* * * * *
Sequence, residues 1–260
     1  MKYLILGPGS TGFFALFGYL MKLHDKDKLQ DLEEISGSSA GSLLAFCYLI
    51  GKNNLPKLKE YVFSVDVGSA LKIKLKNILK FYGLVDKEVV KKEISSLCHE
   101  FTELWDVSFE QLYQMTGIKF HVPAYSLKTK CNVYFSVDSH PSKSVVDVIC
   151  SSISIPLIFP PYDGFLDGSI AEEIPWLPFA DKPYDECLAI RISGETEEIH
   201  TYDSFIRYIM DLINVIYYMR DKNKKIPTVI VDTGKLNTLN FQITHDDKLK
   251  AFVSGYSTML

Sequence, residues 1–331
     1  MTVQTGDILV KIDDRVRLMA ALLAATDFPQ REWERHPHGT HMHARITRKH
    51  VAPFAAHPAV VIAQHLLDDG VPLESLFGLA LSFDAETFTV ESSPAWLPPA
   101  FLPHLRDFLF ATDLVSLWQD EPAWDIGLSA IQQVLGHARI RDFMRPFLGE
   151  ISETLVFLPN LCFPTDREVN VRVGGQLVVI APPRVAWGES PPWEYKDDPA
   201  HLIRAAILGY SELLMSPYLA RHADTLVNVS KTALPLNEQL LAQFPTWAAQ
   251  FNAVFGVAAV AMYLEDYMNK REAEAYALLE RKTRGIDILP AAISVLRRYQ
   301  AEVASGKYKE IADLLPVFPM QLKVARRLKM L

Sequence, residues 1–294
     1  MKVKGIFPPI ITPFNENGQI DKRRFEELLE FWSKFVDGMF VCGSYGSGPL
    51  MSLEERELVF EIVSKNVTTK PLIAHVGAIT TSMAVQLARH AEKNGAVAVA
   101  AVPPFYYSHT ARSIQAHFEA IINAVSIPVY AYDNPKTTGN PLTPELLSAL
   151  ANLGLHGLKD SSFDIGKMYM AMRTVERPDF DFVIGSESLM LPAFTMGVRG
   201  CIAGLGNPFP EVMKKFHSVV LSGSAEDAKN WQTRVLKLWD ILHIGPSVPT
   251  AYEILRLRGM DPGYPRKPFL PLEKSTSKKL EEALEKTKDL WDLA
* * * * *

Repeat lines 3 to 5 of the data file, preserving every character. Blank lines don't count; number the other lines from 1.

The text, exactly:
    51  GKNNLPKLKE YVFSVDVGSA LKIKLKNILK FYGLVDKEVV KKEISSLCHE
   101  FTELWDVSFE QLYQMTGIKF HVPAYSLKTK CNVYFSVDSH PSKSVVDVIC
   151  SSISIPLIFP PYDGFLDGSI AEEIPWLPFA DKPYDECLAI RISGETEEIH